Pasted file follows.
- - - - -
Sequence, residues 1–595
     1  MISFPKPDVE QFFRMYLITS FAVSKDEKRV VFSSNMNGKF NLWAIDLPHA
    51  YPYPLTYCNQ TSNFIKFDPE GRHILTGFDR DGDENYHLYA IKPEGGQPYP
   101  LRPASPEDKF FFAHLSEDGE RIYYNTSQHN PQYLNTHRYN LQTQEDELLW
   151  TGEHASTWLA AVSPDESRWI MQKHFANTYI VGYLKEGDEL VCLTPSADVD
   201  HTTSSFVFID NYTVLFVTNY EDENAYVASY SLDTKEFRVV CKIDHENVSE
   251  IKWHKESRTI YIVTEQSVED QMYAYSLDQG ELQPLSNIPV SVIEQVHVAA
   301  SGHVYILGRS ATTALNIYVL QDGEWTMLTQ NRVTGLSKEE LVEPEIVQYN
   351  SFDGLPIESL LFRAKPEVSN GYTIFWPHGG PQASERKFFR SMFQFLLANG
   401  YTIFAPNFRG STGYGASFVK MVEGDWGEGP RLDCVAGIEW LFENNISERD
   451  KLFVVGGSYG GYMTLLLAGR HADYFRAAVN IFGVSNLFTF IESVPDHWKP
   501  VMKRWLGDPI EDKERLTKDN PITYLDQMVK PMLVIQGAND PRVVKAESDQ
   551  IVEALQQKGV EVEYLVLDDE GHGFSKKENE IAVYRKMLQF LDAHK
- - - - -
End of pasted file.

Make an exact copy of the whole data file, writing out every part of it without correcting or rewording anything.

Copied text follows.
Sequence, residues 1–595
     1  MISFPKPDVE QFFRMYLITS FAVSKDEKRV VFSSNMNGKF NLWAIDLPHA
    51  YPYPLTYCNQ TSNFIKFDPE GRHILTGFDR DGDENYHLYA IKPEGGQPYP
   101  LRPASPEDKF FFAHLSEDGE RIYYNTSQHN PQYLNTHRYN LQTQEDELLW
   151  TGEHASTWLA AVSPDESRWI MQKHFANTYI VGYLKEGDEL VCLTPSADVD
   201  HTTSSFVFID NYTVLFVTNY EDENAYVASY SLDTKEFRVV CKIDHENVSE
   251  IKWHKESRTI YIVTEQSVED QMYAYSLDQG ELQPLSNIPV SVIEQVHVAA
   301  SGHVYILGRS ATTALNIYVL QDGEWTMLTQ NRVTGLSKEE LVEPEIVQYN
   351  SFDGLPIESL LFRAKPEVSN GYTIFWPHGG PQASERKFFR SMFQFLLANG
   401  YTIFAPNFRG STGYGASFVK MVEGDWGEGP RLDCVAGIEW LFENNISERD
   451  KLFVVGGSYG GYMTLLLAGR HADYFRAAVN IFGVSNLFTF IESVPDHWKP
   501  VMKRWLGDPI EDKERLTKDN PITYLDQMVK PMLVIQGAND PRVVKAESDQ
   551  IVEALQQKGV EVEYLVLDDE GHGFSKKENE IAVYRKMLQF LDAHK